As the Arctic sea ice disappears due to global warming, so too will Polar Bears and the climate we know today.
Sea ice scientists working in the Arctic say it’s not a question of “if” there will be nearly ice-free summers, but “when.” The news is that “when” is sooner than we thought — before 2050 and possibly within the next decade or two. Using three different modelling techniques they came up with an ice free Arctic by 2020, 2030, or 2050.
James Overland and Muyin Wang, both of NOAA, published their extraordinary results in Geophysical Research Letters April 12, 2013.
In another study from the Bjerknes Centre (January14, 2013) it was confirmed that Arctic sea ice is shrinking in both thickness and extent at an alarming rate. Most of these global warming effects are attributable to human activities that add greenhouse gases to the atmosphere; our burning fossil fuel.
Sound like bad news for polar bears?
As the ice thins and breaks it is lost through the Fram Strait between Svalbard and Greenland. Last year’s movement of ice through the Fram Strait was huge and the Arctic ice in 2012 was the least on record.
A paper published in March’s Nature Climate Change by Richard Pearson, lead author and scientist at the American Museum of Natural History’s Center for Biodiversity and Conservation, predicts that as the ice goes from the land, wooded areas will increase by as much as 50% in the next few decades. Green forests absorb the sun’s energy rather than reflecting it back into space like ice does. The same is true of the sea; it will also absorb more heat without an icy covering.
Dr. Pearson’s team found that a phenomenon called the albedo effect, based on the Earth’s reflectivity, would have a runaway impact on the greening Arctic and global warming effects would “—extend far beyond the Arctic region”.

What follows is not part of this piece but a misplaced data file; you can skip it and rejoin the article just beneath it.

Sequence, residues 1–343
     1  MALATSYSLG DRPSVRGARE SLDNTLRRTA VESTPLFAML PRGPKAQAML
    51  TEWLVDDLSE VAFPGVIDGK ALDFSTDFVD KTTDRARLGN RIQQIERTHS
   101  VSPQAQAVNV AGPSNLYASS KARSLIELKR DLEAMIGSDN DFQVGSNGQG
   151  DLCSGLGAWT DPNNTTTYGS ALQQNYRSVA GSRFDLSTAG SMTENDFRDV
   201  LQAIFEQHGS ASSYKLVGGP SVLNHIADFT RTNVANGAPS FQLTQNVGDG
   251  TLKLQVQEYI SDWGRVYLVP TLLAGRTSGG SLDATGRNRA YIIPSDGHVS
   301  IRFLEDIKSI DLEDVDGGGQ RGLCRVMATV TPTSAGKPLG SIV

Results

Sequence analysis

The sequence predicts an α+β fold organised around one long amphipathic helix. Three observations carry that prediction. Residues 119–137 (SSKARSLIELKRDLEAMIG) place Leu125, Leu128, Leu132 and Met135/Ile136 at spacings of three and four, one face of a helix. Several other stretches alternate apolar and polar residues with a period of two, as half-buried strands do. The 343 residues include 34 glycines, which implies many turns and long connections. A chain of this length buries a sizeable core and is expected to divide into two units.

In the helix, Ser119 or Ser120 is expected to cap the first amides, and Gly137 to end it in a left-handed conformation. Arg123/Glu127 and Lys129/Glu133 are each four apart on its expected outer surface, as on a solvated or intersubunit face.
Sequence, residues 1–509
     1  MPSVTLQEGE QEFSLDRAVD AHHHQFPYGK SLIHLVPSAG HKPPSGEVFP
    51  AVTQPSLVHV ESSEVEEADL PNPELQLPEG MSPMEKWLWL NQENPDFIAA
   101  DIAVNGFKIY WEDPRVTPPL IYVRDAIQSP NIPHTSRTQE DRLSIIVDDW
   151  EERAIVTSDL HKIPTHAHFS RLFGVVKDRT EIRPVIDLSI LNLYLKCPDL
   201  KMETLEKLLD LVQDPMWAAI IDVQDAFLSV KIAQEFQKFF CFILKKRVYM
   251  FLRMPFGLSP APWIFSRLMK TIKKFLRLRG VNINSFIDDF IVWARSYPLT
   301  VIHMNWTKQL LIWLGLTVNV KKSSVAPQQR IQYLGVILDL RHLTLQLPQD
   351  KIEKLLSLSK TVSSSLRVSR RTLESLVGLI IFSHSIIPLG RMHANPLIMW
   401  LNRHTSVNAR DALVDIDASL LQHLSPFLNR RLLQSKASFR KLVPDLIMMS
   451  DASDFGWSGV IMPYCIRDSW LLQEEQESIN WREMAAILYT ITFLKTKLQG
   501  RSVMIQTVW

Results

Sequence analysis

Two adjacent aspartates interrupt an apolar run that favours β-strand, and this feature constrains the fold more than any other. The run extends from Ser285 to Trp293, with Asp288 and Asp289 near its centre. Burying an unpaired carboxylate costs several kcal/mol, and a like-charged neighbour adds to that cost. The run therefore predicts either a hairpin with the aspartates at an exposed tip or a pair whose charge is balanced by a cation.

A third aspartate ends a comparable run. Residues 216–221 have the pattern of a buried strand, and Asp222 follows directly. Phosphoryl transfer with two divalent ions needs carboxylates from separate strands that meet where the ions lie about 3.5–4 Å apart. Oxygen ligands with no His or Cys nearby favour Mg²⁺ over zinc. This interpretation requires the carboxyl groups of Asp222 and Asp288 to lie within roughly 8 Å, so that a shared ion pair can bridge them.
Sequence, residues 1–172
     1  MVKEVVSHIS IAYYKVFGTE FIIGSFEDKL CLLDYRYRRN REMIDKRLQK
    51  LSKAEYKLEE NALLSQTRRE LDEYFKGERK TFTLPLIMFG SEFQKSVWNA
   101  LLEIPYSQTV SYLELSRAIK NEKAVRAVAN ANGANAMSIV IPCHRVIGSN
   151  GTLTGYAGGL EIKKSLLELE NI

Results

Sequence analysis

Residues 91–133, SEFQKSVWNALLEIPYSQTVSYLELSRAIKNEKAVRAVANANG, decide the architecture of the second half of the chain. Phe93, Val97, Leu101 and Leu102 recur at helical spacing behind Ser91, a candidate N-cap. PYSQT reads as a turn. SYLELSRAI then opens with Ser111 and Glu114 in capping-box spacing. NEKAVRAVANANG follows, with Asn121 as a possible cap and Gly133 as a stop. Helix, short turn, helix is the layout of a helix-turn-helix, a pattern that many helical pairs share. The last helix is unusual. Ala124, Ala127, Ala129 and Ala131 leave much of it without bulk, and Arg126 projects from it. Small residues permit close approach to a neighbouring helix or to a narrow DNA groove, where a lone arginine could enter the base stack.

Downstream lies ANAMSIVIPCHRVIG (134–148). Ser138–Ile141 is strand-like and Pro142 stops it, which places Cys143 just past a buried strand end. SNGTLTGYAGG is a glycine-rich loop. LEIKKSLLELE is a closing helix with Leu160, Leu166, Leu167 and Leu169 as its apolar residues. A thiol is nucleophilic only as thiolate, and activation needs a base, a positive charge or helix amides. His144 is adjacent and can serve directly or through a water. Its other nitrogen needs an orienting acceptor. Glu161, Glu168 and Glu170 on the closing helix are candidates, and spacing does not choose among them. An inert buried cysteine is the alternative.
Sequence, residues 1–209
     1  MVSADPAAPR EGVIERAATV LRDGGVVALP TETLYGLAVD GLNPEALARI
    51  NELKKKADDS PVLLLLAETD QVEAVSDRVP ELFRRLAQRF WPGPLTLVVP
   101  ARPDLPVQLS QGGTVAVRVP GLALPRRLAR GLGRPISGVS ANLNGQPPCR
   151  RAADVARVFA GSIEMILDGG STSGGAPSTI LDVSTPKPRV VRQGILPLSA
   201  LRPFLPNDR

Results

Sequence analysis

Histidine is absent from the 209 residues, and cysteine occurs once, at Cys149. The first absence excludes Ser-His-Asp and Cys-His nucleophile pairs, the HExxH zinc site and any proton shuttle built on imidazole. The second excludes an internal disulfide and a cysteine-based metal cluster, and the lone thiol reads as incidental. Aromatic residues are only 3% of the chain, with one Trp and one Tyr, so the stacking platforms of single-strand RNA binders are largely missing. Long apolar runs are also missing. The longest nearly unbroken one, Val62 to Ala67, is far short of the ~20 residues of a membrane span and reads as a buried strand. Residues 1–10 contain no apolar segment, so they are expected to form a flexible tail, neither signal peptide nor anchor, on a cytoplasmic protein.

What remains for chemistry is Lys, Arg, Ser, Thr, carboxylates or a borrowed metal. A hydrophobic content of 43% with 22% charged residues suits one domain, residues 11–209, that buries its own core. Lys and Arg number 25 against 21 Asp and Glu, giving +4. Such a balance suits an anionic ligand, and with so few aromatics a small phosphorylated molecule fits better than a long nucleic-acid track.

As more sunlight is absorbed the temperature increases even further melting yet more ice. This has a positive feedback to an already warming climate: the more vegetation there is the more warming will occur. And higher temperatures mean even more vegetation.
“By incorporating observed relationships between plants and albedo, we show that vegetation distribution shifts will result in an overall positive feedback to climate that is likely to cause greater warming than has previously been predicted,” said co-author Scott Goetz, of the Woods Hole Research Center.
What this means is that melting Arctic ice is no longer evidence of a rapidly warming planet; it’s now part of the cause of global warming.
The March Geophysical Research Letters presented the alarming results for a study of Canada’s Arctic Archipelago showing an ice loss of at least 20% and global warming of 8 degrees Centigrade by the end of the century.
Lead author Dr Jan Lenaerts of Utrecht University says, “Even if we assume that global warming is not happening quite so fast, it is still highly likely that the ice is going to melt at an alarming rate. The chances of it growing back are very slim.”
Well this is all very bad news for polar bears but is it really going to be a problem for the rest of us? What will the loss of ice mean to the average person and most importantly, will it affect me?
I’m going to leave that question with you in the proverbial “cliff hanger”. In the mean time you may want to rethink your wardrobe or maybe even where you might like to live.
Views expressed in this article are the opinions of the author and do not necessarily reflect the views of The Epoch Times.